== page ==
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I have to say that I am inclined to not agree with this. My dd9 is a very right brained child and has been tested twice when she was in PS and tested off the charts! She is well above her grade level on her reading, writing, has a memory that most people would kill for and I am learning that if I teach her new info in a way she processes it she is off and running by leaps and bounds. I think it is sad that alot of people think that because a child doesnt fit into some kind of mold that they have a LD or ADD or ADHD. I cant even begin to explain the differences with my dd9 since we started HS. The benefits have carried over into every aspect of her life.

 

Wow. I would really love to here your story of your journey with your dd!! When you refer to her writing, do you mean her mechanics is good, or her composition/creativity is good?

With her reading, did she shy away from books that had NO illustrations/photos?

I would really love to know more-she is so close to my ds's age, and also has the (negative?) expereince of being in a classroom. Please PM me if you want-or, never mind me.;)

Thanks.

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I had my first college class at 12. I do not have a learning disability. I am left-handed and right-brained though. Nice try.

 

I was referring to when people use the idea of the VSL to explain away their child's obvious learning problems. The OP was describing a child who has some apparent gifts, but also some significant issues. I think that using appropriate terms for the problems will make it easier to find help for the child.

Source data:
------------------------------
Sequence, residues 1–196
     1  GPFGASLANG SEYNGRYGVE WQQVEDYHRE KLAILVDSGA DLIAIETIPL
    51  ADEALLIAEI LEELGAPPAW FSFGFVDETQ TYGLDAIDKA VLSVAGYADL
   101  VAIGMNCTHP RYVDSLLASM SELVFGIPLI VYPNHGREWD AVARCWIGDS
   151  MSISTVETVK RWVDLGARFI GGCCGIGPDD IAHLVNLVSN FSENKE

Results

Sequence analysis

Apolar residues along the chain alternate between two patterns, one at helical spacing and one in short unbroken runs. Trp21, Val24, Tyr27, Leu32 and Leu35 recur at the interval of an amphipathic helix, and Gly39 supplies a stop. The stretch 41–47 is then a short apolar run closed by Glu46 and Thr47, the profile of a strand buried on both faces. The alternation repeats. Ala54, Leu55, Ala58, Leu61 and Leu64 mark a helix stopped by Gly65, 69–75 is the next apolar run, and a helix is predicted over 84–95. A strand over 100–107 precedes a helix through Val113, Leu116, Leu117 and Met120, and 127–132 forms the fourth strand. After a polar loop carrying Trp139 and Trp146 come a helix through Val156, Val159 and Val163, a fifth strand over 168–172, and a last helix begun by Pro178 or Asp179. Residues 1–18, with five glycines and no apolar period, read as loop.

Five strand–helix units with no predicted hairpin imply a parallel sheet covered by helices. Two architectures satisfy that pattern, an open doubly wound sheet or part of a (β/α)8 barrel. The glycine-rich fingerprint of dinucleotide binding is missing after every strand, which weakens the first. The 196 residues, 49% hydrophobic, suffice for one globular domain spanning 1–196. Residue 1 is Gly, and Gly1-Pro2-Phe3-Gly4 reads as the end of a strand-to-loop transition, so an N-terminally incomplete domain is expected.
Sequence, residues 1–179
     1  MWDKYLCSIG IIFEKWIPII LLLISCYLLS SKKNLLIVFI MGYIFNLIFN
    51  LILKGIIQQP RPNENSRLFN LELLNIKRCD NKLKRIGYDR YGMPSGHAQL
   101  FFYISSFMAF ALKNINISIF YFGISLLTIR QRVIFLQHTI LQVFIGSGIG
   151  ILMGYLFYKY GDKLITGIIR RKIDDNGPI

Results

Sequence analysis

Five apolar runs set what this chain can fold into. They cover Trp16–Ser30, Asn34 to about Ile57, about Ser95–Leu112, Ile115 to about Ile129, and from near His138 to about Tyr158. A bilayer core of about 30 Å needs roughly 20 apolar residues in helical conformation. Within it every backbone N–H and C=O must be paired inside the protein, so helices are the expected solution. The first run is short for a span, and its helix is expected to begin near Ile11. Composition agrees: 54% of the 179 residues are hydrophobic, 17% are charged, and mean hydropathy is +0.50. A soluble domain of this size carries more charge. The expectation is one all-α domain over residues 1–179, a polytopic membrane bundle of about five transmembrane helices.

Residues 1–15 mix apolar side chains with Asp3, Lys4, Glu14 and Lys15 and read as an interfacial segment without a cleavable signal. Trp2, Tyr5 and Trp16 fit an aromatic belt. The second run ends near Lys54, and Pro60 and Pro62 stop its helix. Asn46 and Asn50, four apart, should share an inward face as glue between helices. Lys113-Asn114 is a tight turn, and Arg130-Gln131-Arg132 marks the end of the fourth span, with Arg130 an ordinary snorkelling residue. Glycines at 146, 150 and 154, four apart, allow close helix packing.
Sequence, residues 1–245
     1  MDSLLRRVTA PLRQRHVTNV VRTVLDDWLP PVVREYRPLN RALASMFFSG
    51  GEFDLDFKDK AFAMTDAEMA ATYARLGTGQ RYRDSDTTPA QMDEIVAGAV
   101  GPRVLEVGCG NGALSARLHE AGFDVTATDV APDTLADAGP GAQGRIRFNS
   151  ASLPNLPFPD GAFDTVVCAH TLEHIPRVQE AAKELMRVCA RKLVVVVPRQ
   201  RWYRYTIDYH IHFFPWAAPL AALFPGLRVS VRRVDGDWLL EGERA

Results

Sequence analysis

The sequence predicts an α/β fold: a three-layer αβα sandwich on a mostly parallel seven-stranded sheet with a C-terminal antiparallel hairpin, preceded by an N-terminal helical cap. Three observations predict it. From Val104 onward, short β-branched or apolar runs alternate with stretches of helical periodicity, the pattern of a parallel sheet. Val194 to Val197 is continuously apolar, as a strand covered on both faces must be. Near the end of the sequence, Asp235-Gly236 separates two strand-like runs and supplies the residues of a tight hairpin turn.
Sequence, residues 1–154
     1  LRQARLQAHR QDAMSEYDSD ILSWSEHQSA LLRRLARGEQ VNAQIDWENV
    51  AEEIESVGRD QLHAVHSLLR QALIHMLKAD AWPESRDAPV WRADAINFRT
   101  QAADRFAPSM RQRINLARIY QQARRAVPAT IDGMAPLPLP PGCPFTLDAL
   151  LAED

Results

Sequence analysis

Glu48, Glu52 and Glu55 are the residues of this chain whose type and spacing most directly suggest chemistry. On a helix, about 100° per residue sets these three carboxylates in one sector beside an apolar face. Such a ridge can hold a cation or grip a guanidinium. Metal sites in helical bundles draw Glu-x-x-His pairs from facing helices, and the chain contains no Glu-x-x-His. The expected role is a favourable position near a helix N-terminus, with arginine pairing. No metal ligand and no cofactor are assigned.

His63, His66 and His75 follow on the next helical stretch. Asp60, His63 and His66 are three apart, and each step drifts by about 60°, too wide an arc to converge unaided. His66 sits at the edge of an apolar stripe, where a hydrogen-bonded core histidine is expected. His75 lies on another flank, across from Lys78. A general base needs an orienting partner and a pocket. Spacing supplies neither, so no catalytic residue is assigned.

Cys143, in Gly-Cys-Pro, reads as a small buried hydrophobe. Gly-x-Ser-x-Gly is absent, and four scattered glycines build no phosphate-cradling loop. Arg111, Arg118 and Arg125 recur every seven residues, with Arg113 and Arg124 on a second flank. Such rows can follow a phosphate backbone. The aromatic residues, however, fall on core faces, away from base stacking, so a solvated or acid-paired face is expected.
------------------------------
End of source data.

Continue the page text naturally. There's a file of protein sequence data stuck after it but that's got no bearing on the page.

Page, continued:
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Here's my take on the whole visual-spatial/right brain thing: it's a nice way to say the child has a learning disability.

 

 

Yes, and the school district gets lots of money for declaring a child LD. They can then use this money to buy the texts,workbooks, and visual aids that they should have supplied in the classroom in the first place.

 

IN my experience, the problem with students labeled vs is that the teacher is usually giving a lecture with imprecise wording, vague organization, and no time for the child to process. I'm vs myself...a picture is worth a thousand words to me and saves significant time.

Edited by lgm
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Yes, and the school district gets lots of money for declaring a child LD. They can then use this money to buy the texts,workbooks, and visual aids that they should have supplied in the classroom in the first place.

 

IN my experience, the problem with students labeled vs is that the teacher is usually giving a lecture with imprecise wording, vague organization, and no time for the child to process. I'm vs myself...a picture is worth a thousand words to me and saves significant time.

 

I was actually referring to a child in a homeschooling situation where the parent has tried "everything".

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I have tried tapping into his kinesthetic(sp?) style, by doing this-and he still doesn't retain math.

 

I'm feeling somewhat....alarmed? I've had him do nothing with math since last Thursday, and today he was doing addition sums to SEVEN-and could NOT remember them.

 

Now that I am looking at his "view" of the world, I am even *more* aware of how keen his eye is! He is also doign constant comparisons to things that have to do with something sports related. For ex; he will see something that sort of resembles ( I guess!!;)) a flag that goes into the hole of a putting green, points it out, then goes into amazing detail of how such and such golf course has this and that.